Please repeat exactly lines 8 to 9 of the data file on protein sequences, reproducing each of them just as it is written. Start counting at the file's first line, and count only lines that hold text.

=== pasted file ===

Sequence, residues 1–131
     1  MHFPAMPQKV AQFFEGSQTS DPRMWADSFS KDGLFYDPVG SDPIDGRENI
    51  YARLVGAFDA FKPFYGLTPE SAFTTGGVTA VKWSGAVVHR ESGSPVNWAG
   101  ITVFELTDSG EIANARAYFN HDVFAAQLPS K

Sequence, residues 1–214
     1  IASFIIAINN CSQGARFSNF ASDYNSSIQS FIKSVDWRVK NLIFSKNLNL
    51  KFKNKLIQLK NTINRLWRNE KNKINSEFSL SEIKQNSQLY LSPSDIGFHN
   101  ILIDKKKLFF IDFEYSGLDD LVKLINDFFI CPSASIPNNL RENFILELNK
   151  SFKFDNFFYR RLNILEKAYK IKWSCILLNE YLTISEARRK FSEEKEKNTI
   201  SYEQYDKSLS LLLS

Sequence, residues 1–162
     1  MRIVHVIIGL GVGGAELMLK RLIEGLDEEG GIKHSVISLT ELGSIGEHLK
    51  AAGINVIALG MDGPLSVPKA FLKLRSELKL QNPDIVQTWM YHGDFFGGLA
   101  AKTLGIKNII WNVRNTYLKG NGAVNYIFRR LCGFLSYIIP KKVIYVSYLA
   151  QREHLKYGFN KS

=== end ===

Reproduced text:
   101  ILIDKKKLFF IDFEYSGLDD LVKLINDFFI CPSASIPNNL RENFILELNK
   151  SFKFDNFFYR RLNILEKAYK IKWSCILLNE YLTISEARRK FSEEKEKNTI